Pete Wargent blogspot

Co-founder & CEO of AllenWargent property advisory & buyer's agents, offices in Brisbane (Riverside) & Sydney (Martin Place) - clients include hedge funds, resi funds, & private investors.

4 x finance/investment author - 'Get a Financial Grip: a simple plan for financial freedom’ (2012) rated Top 10 finance books by Money Magazine & Dymocks.

"Unfortunately so much commentary is self-serving or sensationalist. Pete Wargent shines through with his clear, sober & dispassionate analysis of the housing market, which is so valuable. Pete drills into the facts & unlocks the details that others gloss over in their rush to get a headline. On housing Pete is a must read, must follow - he is one of the better property analysts in Australia" - Stephen Koukoulas, MD of Market Economics, former Senior Economics Adviser to Prime Minister Gillard.

"Pete Wargent is one of Australia's brightest financial minds - a must-follow for articulate, accurate & in-depth analysis." - David Scutt, Business Insider, leading Australian market analyst.

"I've been investing for over 40 years & read nearly every investment book ever written yet I still learned new concepts in his books. Pete Wargent is one of Australia's finest young financial commentators." - Michael Yardney, Australia's leading property expert, Amazon #1 best-selling author.

"The most knowledgeable person on Aussie real estate markets - Pete's work is great, loads of good data and charts, the most comprehensive analyst I follow in Australia. If you follow Australia, follow Pete Wargent" - Jonathan Tepper, Variant Perception, Global Macroeconomic Research, and author of the New York Times bestsellers 'End Game' and 'Code Red'.

"Pete's daily analysis is unputdownable" - Dr. Chris Caton, Chief Economist, BT Financial.

Invest in Sydney/Brisbane property markets, or for media/public speaking requests, email

Wednesday, 7 November 2012

Oops - Fifth Pillar on the way for the banking system?

Had a good chortle to myself this morning - the draft manuscript for the second book in my series contained the following sentence (which I have just put a thick black line through):

"The prevailing four pillars system of our banking sector seems to be the favoured approach - it seems unlikely that in the near future new entrants to the oligopoly will be..."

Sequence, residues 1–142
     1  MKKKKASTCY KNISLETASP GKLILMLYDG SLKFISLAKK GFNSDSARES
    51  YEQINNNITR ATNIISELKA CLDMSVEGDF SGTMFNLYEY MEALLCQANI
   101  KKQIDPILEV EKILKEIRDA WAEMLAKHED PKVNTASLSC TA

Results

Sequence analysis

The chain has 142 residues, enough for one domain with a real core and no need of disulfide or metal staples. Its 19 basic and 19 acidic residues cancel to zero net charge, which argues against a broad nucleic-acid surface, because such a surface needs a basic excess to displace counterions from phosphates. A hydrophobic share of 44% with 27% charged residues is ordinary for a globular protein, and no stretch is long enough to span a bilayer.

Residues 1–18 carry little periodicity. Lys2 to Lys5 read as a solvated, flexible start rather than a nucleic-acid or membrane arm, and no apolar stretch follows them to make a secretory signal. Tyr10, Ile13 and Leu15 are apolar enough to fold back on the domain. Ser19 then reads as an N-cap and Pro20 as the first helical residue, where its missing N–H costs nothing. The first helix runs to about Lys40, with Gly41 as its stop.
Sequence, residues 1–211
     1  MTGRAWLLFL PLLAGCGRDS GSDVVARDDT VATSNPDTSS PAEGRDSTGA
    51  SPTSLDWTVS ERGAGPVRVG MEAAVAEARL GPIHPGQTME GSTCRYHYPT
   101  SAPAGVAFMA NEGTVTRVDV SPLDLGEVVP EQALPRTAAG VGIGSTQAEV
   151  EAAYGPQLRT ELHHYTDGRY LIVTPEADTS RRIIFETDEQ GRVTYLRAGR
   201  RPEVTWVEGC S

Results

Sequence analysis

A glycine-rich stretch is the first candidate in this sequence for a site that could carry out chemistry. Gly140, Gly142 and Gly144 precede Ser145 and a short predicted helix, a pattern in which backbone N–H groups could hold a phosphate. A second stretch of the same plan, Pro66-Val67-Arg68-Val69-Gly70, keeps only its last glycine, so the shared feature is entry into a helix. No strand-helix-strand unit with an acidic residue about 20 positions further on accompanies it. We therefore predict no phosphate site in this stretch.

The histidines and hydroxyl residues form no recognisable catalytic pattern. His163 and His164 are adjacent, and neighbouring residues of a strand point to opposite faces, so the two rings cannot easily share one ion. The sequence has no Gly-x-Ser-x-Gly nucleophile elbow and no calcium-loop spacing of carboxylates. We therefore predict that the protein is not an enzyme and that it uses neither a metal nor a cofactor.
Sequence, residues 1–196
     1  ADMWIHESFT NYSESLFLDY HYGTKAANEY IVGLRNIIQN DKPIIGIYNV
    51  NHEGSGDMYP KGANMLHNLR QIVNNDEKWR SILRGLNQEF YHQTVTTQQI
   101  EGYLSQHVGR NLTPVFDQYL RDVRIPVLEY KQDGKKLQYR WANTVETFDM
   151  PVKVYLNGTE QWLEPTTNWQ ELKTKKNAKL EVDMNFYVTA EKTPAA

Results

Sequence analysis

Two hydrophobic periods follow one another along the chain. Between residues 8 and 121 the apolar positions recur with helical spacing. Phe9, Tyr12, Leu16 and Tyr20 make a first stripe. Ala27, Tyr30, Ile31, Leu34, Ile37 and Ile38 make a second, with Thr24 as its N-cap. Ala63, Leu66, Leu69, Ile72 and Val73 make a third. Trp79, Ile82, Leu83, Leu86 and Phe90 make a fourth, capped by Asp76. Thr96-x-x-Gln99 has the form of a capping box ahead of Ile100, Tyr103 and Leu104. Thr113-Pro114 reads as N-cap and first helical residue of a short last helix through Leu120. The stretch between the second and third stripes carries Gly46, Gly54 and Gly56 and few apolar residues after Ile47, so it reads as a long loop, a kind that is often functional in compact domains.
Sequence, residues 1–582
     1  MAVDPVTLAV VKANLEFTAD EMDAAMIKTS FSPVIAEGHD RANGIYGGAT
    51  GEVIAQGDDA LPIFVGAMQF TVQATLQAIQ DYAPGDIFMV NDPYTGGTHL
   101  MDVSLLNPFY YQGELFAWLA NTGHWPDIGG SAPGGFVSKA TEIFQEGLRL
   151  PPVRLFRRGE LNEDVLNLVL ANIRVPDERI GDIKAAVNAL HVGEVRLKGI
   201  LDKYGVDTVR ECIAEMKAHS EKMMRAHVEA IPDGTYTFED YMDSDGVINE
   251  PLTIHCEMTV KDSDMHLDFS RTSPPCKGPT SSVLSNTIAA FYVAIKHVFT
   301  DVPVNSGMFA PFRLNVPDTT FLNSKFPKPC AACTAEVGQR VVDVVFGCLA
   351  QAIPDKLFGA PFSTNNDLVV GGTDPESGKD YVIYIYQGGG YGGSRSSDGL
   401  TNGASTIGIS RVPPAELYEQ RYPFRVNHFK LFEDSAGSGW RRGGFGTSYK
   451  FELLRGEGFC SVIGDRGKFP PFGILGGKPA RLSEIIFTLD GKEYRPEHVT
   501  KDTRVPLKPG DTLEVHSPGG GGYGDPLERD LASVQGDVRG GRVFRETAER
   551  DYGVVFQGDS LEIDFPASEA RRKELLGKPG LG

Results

The rumour mill working overtime today suggesting that Macquarie Group may become the said fifth pillar.

Here's Sydney Morning Herald from, uhhh, Sydney, errrm, this morning:

"AUSTRALIA could soon have a powerful new player in the world of retail banking, with Macquarie Group believed to be in talks with Mark Bouris' listed Yellow Brick Road Group over a distribution deal that could be unveiled as early as this week.

The deal would give Yellow Brick Road access to the billions of dollars sitting on Macquarie's balance sheet to provide home loans via Mr Bouris' network of more than 140 branches across the country.

News of the proposed tie-up circulated the Birdcage at Flemington on Tuesday, where racing tips and interest rate chatter usually dominate. The key rumour was that Australia's big four banks could soon have a fifth rival knocking on their door.

Well-placed sources revealed that Macquarie would return to the residential home loan business, and in a big way.

As an opening salvo, BusinessDay believes Yellow Brick Road and Macquarie plan to undercut the big four banks by more than a full percentage point on all new home loans.

''This could provide the fifth pillar that our banking sector has always needed,'' said a source close to the deal.

The deal marks a major strategic shift for Macquarie, which has seen many parts of its traditional investment banking model suffer in recent years. Last month Macquarie announced a $361 million profit for the six months to December. Of that Macquarie Capital, which houses the bank's once mighty mergers and acquisitions team, contributed just $10 million.

The bank's equities trading division, Macquarie Securities, notched a $64 million loss. Daily equity volumes for Macquarie were down 23.5 per cent on the previous year.

Announcing the results, Macquarie chief executive Nicholas Moore noted that ''structural change'' was affecting the group's performance.

''There's plainly a degree of structural change taking place in the industry, also structural change in terms of the amount of capacity in the industry,'' Mr Moore said.

The distribution deal with Yellow Brick Road is not Macquarie's first move into the world of retail banking.

In the heady days of 2000, when Macquarie had built a reputation as the ''millionaires factory'', the bank established a retail arm.

One memorable ad featured a picture of a woman in front of the words: ''I used to want to marry a millionaire. Now I want to become one.''